Deep Hebrew Study Points to Startling Apocryphal Truth of Biblical Flood

Deep Hebrew Study Points to Startling Apocryphal Truth of Biblical Flood
“And there we saw the Nephilim, the sons of Anak, who come of the Nephilim; and we were in our own sight as grasshoppers, and so we were in their sight.’ “Numbers 13:33 (The Israel Bible™)
A fine-tuned understanding of Biblical Hebrew reveals a deeper level of the flood story, attributing God’s need to destroy the world to the interference of fallen angels.
The enigmatic Nephilim reappear many times throughout the Bible in many guises: giants, fallen angels, the Bnei Elohim (children of God). They first appear in Genesis, preceding the story of the flood. The text intimates an unnatural relationship between the Nephilim and human women.
The Nephilim were in the earth in those days, and also after that, when the sons of God came in unto the daughters of men, and they bore children to them; the same were the mighty men that were of old, the men of renown. Genesis 6:4
Julia Blum, Associate professor of Biblical studies at eTeacher, an online language academy specializing in Biblical Hebrew, explained how the study of Hebrew reveals an unexpected reason for the divine wrath leading to the global flood.
“The word Nephilim comes from the word נפל (na-fahl), fall. The suffix ‘im’ simply adds plurality, hence they were the ‘fallen ones’,” Blum explained. “Having been born of corrupted, fallen, Satanic angels, Nephilim dominated the Earth.”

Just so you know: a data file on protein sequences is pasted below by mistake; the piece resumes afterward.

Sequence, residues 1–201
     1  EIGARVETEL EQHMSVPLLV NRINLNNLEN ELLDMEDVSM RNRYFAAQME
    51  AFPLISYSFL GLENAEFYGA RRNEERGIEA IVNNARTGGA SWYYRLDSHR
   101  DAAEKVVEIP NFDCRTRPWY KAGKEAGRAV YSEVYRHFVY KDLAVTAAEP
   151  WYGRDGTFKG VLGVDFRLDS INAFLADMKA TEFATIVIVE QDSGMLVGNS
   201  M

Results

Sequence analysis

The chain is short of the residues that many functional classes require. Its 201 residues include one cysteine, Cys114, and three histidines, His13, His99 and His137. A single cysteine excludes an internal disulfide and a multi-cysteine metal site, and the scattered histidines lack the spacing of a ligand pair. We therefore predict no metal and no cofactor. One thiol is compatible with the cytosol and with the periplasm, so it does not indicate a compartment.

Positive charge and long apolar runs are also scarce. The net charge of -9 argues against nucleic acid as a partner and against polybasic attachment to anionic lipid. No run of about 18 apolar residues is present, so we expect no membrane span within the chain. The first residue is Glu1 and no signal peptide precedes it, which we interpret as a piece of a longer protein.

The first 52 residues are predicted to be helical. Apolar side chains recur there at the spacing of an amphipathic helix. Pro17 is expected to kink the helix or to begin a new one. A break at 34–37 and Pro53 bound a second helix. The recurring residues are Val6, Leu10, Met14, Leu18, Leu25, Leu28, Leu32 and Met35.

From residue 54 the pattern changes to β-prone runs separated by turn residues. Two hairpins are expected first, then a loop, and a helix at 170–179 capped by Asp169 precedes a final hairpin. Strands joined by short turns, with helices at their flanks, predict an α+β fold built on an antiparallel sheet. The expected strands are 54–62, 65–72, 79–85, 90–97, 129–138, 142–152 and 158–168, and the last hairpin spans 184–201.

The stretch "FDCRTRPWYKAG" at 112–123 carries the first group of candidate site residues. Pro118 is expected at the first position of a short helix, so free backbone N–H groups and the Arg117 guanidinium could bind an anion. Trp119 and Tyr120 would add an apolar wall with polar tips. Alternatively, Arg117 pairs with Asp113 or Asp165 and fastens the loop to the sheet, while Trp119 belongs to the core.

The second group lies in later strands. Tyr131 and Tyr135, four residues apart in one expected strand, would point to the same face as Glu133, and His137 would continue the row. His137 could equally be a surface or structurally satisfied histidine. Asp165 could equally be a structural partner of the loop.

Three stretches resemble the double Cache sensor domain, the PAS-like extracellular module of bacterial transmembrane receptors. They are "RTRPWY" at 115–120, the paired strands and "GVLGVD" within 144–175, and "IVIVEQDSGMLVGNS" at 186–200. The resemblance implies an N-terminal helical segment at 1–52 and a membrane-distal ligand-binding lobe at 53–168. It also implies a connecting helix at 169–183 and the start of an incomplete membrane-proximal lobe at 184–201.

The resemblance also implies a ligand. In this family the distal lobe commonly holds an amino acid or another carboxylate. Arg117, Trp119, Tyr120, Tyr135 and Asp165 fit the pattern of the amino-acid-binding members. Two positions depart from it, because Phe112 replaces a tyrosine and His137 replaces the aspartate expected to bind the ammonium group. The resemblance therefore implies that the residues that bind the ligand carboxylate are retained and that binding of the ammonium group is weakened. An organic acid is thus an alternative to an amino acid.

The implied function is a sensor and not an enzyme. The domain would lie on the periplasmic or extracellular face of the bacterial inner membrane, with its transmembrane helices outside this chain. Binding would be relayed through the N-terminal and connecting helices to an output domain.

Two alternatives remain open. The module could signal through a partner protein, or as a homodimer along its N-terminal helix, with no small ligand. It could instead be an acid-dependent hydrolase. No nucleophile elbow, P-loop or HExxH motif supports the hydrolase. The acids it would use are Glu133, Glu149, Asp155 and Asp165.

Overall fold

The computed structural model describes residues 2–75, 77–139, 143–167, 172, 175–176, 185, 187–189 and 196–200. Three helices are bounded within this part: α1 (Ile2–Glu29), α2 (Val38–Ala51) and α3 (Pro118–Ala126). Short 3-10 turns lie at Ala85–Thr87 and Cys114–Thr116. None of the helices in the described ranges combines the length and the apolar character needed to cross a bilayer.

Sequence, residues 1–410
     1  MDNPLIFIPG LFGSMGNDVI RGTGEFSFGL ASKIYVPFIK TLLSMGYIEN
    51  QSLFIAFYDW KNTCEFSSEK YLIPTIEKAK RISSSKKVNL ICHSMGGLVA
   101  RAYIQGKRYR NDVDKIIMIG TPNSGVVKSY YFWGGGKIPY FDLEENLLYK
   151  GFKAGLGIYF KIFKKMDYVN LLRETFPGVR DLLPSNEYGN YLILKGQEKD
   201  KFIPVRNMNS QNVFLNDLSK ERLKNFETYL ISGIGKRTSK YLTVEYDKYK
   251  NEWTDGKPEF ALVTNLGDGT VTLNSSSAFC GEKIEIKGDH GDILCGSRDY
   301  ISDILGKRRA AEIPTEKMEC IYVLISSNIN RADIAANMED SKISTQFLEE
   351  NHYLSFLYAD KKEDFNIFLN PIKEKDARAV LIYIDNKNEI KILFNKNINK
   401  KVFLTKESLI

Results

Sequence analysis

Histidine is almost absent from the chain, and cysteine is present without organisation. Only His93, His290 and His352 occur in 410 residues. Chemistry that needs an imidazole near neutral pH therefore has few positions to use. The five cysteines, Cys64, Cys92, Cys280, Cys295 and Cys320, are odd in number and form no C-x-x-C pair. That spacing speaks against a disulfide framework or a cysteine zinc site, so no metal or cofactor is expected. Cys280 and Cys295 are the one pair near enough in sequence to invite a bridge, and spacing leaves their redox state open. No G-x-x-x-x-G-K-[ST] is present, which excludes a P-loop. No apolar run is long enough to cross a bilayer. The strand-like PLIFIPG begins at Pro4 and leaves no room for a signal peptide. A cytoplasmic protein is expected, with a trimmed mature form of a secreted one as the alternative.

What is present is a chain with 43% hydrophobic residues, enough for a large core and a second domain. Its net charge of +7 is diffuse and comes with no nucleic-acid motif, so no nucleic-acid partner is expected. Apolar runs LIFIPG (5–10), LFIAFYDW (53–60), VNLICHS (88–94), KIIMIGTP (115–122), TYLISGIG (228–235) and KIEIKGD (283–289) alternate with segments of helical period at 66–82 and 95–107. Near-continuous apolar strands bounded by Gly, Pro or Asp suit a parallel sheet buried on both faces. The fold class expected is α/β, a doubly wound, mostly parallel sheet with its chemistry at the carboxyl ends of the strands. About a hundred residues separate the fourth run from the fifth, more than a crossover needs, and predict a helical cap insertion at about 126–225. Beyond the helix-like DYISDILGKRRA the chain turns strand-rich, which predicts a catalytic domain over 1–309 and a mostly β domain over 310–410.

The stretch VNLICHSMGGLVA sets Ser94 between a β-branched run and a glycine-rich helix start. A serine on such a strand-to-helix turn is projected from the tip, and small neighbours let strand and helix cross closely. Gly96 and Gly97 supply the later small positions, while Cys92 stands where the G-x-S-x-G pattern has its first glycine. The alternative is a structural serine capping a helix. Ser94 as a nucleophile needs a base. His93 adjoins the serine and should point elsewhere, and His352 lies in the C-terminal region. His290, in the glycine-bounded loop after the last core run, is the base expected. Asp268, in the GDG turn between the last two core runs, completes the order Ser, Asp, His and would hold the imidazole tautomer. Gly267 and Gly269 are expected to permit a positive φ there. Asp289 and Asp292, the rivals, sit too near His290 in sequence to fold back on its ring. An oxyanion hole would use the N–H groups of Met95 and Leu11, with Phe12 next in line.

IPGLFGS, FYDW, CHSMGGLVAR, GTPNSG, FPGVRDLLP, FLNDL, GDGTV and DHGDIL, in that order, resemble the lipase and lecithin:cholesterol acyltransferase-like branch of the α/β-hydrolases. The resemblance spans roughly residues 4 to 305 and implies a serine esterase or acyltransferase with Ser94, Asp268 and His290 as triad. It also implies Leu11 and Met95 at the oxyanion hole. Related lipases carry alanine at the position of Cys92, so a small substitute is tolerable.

By mating with human women, the Nephilim passed on their corruption, creating an unnatural race of beings which had to be wiped out for the human race to survive, she continued.
“The flood was God’s way of preserving the ‘the seed of the woman’, the human race and its bloodline, before it became completely corrupted by the Nephilim giants,” Blum explained.
Though not appearing in classical Jewish sources, this understanding of the flood has its roots in ancient apocryphal texts. The Book of Enoch, referred to in the Dead Sea Scrolls and attributed to the great-grandfather of Noah, described the sin of the Nephilim and the perversion and lust which eventually caused God to condemn the entire generation.

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